• Add 4 cups of the stock to the cooked tomato sauce and bring it to boil for 1 – 2 minutes.
  • Add the rinsed rice and butter, stir, cover with a double piece of foil/baking or parchment paper and put a lid on the pan—this will seal in the steam and lock in the flavour. Turn down the heat and cook on low for 30 minutes.
  • Stir rice—taste and adjust as required.
  •  If you like, add sliced onions, fresh tomatoes and the 2nd teaspoon of butter and stir through.

Southern Shrimp & Grits from the United States

This recipe hails from the Gulf Coast. The southeastern region of the United States holds so much history for African Americans. Stories, family lineage and history are often passed down by word of mouth. Popular recipes like shrimp & grits have traveled through generations the same way. This dish can be found in restaurants all over the world but it will always be birthed by the bayou.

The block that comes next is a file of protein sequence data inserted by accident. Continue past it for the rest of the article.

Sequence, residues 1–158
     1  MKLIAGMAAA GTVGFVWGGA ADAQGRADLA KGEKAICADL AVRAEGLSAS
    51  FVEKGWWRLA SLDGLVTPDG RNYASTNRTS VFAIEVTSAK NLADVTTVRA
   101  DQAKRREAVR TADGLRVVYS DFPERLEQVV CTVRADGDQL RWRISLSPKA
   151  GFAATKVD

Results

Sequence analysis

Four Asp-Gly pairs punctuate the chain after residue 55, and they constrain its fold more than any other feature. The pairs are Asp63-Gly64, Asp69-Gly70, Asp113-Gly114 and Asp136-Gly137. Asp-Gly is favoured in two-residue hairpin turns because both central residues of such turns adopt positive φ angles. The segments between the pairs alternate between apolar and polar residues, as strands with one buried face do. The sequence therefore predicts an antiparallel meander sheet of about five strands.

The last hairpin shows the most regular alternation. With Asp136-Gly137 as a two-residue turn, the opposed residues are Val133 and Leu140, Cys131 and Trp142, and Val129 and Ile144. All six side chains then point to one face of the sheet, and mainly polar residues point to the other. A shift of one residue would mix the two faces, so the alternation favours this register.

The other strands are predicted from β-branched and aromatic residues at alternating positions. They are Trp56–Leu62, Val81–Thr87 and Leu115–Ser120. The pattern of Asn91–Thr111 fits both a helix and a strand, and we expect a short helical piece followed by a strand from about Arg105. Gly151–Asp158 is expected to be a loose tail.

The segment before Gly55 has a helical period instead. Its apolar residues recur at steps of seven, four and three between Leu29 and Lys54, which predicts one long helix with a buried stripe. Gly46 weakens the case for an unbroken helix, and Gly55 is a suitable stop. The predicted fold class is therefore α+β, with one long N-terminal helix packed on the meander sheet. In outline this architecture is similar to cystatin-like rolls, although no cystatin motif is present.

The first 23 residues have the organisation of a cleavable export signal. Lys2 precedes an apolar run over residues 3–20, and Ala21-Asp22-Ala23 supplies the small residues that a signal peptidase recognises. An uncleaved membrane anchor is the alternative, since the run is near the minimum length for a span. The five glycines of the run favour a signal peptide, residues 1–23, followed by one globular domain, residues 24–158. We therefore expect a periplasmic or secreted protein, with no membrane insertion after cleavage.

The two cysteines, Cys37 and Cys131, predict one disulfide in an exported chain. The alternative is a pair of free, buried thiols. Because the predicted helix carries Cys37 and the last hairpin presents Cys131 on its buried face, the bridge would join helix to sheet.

4 cups chicken broth

1/2 cup whipping cream

1 cup quick cooking grits

Salt and freshly ground black pepper

1 tablespoon butter

1/4 cup Parmesan


2 tablespoons butter

1/2 medium onion, chopped

2 cloves garlic, minced

1 green bell pepper, chopped

1/2 pound smoked kielbasa sausage, sliced

2 pounds uncooked large shrimp, peeled and deveined

1 (14.5-ounce) can diced tomatoes

Chopped chives, for garnish


  • In a heavy-bottomed saucepan, bring the chicken stock and whipping cream up to a low simmer. While simmering whisk in the grits and a pinch of salt. Stir constantly and return to a low simmer. Cook until thickened, stirring often, about 5 minutes. 
  • Stir in the butter and Parmesan cheese. Season, to taste, with salt and pepper. Heat a large saute pan over medium-heat.